Sunday, September 3, 2017

Book Review: 'The Trapped Girl' by Robert Dugoni


Forty-three year old homicide detective Tracy Crosswhite is called to the scene when a young man illegally harvesting crabs in Puget Sound inadvertently snags a crab pot containing human remains. "The Trapped Girl," by Robert Dugoni, is the story of twenty-two year old Andrea Strickland, who had a traumatic childhood that left her lonely, depressed, and emotionally scarred. She works for an insurance company, but prefers to spend her free time immersed in her favorite pastime--reading. At least Andrea has the solace of knowing that she will come into a great deal of money, thanks to a trust fund set up by her late parents. After a whirlwind courtship, corporate attorney Graham Strickland proposes to Andrea and she marries him. Only later does she realize how little she really knows about her new husband.

This is a complex and cleverly plotted thriller. Tracy and her capable "A Team," Kinsington Rowe, Vic Fazzio, and Delmo Castigliano, must identify the aforementioned Jane Doe in the crab pot before they can find her killer. This case will be far more taxing than they had anticipated, especially since they face jurisdictional problems that could stymie their investigation. Departmental politics and an uncooperative supervisor do not deter Tracy, who has personal reasons for pursuing the perpetrator. She will not quit until she accomplishes what she has set out to do.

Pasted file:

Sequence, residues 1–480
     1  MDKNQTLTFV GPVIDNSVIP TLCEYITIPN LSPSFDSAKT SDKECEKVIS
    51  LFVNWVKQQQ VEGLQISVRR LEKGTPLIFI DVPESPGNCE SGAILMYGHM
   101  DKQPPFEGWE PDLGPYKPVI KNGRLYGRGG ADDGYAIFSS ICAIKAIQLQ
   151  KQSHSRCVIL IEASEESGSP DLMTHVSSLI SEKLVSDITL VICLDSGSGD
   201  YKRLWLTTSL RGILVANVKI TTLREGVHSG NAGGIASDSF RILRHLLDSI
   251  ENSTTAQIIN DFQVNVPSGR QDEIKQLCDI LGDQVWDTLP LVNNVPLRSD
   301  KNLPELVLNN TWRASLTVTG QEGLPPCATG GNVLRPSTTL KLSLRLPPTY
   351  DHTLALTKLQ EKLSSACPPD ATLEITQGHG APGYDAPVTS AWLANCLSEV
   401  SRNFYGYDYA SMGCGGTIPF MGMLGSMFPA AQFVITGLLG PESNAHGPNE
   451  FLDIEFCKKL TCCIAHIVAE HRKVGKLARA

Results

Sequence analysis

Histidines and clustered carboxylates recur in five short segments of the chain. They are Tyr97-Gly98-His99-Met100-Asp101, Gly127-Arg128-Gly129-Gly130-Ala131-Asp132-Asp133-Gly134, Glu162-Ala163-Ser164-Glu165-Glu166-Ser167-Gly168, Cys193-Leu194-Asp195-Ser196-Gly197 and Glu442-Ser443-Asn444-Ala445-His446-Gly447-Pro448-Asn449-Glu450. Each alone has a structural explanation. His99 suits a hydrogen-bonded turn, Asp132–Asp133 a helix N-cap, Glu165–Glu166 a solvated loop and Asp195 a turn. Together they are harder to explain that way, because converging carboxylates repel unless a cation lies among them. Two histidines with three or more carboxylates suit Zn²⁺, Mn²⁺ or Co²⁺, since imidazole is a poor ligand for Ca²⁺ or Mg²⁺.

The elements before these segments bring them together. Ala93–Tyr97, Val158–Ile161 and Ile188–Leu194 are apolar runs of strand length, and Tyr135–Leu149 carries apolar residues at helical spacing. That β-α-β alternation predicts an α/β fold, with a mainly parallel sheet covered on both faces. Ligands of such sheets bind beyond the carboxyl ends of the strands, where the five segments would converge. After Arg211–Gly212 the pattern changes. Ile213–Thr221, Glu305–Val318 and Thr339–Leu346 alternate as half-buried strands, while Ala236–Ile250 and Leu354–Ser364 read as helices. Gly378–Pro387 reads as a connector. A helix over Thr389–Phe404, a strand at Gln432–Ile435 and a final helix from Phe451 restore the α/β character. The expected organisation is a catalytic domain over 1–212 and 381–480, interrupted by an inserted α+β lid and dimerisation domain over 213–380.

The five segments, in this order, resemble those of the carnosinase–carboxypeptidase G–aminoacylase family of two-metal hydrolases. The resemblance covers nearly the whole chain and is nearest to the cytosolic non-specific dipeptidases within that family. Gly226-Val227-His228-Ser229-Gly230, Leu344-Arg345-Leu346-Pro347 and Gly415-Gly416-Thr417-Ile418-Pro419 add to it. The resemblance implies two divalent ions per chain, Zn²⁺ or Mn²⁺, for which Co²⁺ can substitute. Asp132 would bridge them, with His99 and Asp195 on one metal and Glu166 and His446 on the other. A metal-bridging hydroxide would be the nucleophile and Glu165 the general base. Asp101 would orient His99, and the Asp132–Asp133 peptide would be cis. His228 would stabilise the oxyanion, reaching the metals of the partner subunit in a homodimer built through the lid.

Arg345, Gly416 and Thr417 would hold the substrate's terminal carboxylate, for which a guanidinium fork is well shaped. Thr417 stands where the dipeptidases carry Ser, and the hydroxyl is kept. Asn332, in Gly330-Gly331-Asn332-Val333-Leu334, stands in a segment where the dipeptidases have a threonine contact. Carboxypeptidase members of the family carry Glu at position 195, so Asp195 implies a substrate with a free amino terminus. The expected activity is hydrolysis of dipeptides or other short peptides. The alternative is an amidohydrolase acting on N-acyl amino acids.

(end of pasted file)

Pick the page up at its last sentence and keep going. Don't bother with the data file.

Dugoni's fast-paced, complex, and cleverly plotted police procedural has intriguing italicized passages in which Andrea provides background information and a unique perspective on a series of perplexing events that can be interpreted in various ways. As the mystery deepens, there are surprising developments and a final twist that may a bit too far-fetched to accept unquestioningly. Still, "The Trapped Girl" is engrossing, thanks to its lively prose, witty dialogue, colorful characters, wry humor, and picturesque setting. The author effectively demonstrates how challenging it is to outsmart ruthless, self-serving, and vicious adversaries who will do anything, no matter how repellant, to get what they want.



Editor's note: This review was written by Eleanor Bukowsky and has been reposted with permission. Like what you read? Subscribe to the SFRB's free daily email notice so you can be up-to-date on our latest articles. Scroll up this page to the sign-up field on your right.

No comments:

Post a Comment